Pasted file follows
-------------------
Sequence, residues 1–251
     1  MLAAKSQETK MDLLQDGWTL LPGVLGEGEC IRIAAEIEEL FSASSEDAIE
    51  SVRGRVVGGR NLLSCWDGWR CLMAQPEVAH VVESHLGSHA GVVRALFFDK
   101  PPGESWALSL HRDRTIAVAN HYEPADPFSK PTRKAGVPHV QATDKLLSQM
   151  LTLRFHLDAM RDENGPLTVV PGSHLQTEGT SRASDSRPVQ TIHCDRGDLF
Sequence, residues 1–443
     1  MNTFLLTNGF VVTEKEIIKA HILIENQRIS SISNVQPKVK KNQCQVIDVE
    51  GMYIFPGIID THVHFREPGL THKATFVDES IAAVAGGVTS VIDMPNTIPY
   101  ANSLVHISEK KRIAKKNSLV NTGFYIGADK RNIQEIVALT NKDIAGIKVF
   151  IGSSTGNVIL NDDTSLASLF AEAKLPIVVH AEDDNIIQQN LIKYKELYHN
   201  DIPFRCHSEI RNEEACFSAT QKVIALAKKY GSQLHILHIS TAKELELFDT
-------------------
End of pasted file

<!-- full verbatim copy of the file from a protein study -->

Sequence, residues 1–251
     1  MLAAKSQETK MDLLQDGWTL LPGVLGEGEC IRIAAEIEEL FSASSEDAIE
    51  SVRGRVVGGR NLLSCWDGWR CLMAQPEVAH VVESHLGSHA GVVRALFFDK
   101  PPGESWALSL HRDRTIAVAN HYEPADPFSK PTRKAGVPHV QATDKLLSQM
   151  LTLRFHLDAM RDENGPLTVV PGSHLQTEGT SRASDSRPVQ TIHCDRGDLF
Sequence, residues 1–443
     1  MNTFLLTNGF VVTEKEIIKA HILIENQRIS SISNVQPKVK KNQCQVIDVE
    51  GMYIFPGIID THVHFREPGL THKATFVDES IAAVAGGVTS VIDMPNTIPY
   101  ANSLVHISEK KRIAKKNSLV NTGFYIGADK RNIQEIVALT NKDIAGIKVF
   151  IGSSTGNVIL NDDTSLASLF AEAKLPIVVH AEDDNIIQQN LIKYKELYHN
   201  DIPFRCHSEI RNEEACFSAT QKVIALAKKY GSQLHILHIS TAKELELFDT